The Azawakh is a breed of sight hound dog that originated from Africa. This breed is thought to have been developed in the regions of Southern Algeria, Niger, Mali, and Burkina Faso, by nomadic tribes including the Fula and the Tuareg peoples. This dog was bred for speed so it could hunt hares and other creatures and guard the camps of its people, but only highly fit dogs could adequately survive and serve the tribes in the desert conditions. The Azawakh is recognized by many organizations including the UKC, the AKC, and the FCI, with all of these agencies accepting different breed standards due to the variation of coloring that it can hold.

Recent studies have shown that Azawakh is descended from the pariah dog and probably the Sloughi, although it is only slightly related to other breeds of sight hounds. Archeological studies have found petroglyphs of hunters and running dogs that are similar in appearance to this breed that are 8,000 to 10,000 years old, as well as bones dating back to the Holocene. Archeological, DNA, and blood protein studies have shown that this breed has developed in a largely isolated area from other dogs, which has given them unique traits like hunting in packs, a trait it shares with pariah dogs.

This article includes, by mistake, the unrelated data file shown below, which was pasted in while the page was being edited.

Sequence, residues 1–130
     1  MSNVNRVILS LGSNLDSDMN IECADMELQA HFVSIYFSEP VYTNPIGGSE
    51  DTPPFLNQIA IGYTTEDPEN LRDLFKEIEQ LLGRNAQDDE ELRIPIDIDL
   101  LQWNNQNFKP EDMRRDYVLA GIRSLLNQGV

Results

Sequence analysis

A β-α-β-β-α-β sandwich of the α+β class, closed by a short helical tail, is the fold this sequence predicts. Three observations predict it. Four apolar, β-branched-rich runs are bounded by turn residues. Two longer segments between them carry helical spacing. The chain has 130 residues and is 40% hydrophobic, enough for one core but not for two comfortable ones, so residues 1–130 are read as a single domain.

The Azawakh reaches an average height between twenty-four to twenty-nine inches and weight between thirty-three and fifty-five pounds. The body of this species is lean and its bones are clearly visible under its skin. However, it is a muscular species, although these muscles lie flat along its body. This dog’s fur is very thin and is almost nonexistent along the belly. It can vary in color from bluish tan, red, grizzled, black, and blue. Individuals that reside in the breed’s native region are often almost all white in color or bear a white crest on the chest. This breed can mate once a year and has typical litters of four to six pups.

Because the Azawakh is bred to guard, it is very loyal and affectionate to its people. The breed is not instinctively aggressive, but does not prefer to be touched by people it is not familiar with. It holds a pack mentality and is often very affectionate with its pack members. This breed makes a good pet for runners, because it can withstand high temperatures, but it does not like rain or colder weather. It requires a fair amount of training, after which it will be friendly with humans and other pets. The Azawakh is not known to develop hip dysplasia, but it does occasionally develop Wobbler disease or adult onset idiopathic epilepsy. If it is injured, it heals very quickly.

Image Caption: Typical male Azawakh in the Sahel. Credit: ABIS/Wikipedia (CC BY-SA 3.0)